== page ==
Cyanobacteria in Wyoming: Toxic Mystery

Shoshone National Forest hydrologist Gwen Gerber and Wyoming Department of Environmental Quality staffers Kelsee Hurshman, Ron Steg and Jillian Scott check out the shoreline of Brooks Lake Creek just below the outflow from Upper Brooks Lake. Although the water flows through a remote, wild, high-altitude landscape, the watershed is plagued by potentially harmful algal blooms. (Mike Koshmrl/WyoFile)

The toxic mystery of Wyoming’s backcountry cyanobacteria blooms

Water quality specialists have found evidence of so-called blue-green algae blooms in rivers, frozen lakes and even in seemingly pristine subalpine watersheds. From Wyofile.

Many unknowns

A mysterious environmental influence — or combination of factors — is believed to be triggering the blooms. There are theories, but DEQ employee Ron Steg, who leads the agency’s Lander office, is clear: There’s no saying exactly why cyanobacteria are striking this area every summer.
“This particular watershed, the geology is high in phosphate,” Steg said. “It could be atmospheric deposition. We don’t know, and that’s why we are studying this.”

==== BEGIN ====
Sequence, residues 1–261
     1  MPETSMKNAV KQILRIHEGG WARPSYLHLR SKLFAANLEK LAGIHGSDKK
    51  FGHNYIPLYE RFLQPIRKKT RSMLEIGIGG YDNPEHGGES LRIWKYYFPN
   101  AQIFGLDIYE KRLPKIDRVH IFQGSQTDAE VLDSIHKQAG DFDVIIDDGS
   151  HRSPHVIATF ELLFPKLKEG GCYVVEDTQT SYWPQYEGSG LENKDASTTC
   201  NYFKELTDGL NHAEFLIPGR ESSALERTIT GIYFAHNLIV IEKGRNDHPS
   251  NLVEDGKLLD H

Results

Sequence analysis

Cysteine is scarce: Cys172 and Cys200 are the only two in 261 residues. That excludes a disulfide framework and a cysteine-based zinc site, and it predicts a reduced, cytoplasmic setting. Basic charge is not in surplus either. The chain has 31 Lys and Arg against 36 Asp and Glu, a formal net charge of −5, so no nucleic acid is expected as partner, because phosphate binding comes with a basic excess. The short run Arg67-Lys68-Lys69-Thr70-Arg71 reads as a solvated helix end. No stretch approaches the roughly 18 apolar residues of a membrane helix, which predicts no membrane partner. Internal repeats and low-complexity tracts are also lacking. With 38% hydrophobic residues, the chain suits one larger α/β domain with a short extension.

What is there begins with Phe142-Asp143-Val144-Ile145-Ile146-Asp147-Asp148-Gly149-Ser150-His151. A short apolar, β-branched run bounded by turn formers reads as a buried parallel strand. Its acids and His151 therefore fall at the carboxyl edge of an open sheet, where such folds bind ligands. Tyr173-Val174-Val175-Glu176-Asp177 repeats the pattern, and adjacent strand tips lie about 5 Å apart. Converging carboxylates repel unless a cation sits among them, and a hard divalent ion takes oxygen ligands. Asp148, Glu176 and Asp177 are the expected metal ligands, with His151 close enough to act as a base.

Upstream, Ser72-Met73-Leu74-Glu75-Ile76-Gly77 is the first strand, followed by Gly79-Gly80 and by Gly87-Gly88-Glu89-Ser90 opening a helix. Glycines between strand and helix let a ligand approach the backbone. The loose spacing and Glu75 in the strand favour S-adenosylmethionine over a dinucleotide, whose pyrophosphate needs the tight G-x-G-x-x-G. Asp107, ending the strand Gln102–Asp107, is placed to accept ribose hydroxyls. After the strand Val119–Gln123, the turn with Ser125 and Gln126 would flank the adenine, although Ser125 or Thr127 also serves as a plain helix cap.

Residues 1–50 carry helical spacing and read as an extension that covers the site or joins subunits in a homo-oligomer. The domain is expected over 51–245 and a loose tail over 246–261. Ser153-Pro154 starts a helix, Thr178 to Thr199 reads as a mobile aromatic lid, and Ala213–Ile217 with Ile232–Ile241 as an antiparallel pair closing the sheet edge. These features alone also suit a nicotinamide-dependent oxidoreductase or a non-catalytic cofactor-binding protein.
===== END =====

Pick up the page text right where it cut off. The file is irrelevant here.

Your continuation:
The DEQ is specifically examining what’s going on in the Brooks Lake watershed in detail because its 234-acre namesake lake has struggled with algal blooms that, on the worst occasions, have been implicated in fish kills so severe that fish went belly up miles downstream in the Wind River. Since 2018, Brooks Lake has occupied a slot on the Wyoming DEQ’s “impaired list.” At one time, fingers were pointed at Brooks Lake Lodge and its formerly surface-discharging sewage lagoon, but problems with nutrients and cyanobacterial blooms higher in the watershed have led to a more holistic investigation.
The Brooks Lake watershed, however, isn’t the only place in Wyoming where people and their pets are finding harmful cyanobacteria blooms in unlikely places.


Then there’s the backcountry. Cyanobacteria blooms are often associated with abundances of nutrients, like fertilizer from agriculture, and warm water typically found at lower elevations. So why are blooms showing up in places like Togwotee Pass?

Gerber, the Shoshone National Forest hydrologist, doesn’t have any firm answers, but she has noticed a trend within the 17 waterbodies on the national forest where cyanobacteria have been detected in high enough concentrations to warrant an advisory. All of them except for one, she said, are located in the Absaroka Volcanic formation — which suggests a component of the geology could be a contributing factor.

1 thought on “Cyanobacteria in Wyoming: Toxic Mystery”

Leave a Comment

Discover more from The Smokey Wire : National Forest News and Views

Subscribe now to keep reading and get access to the full archive.

Continue reading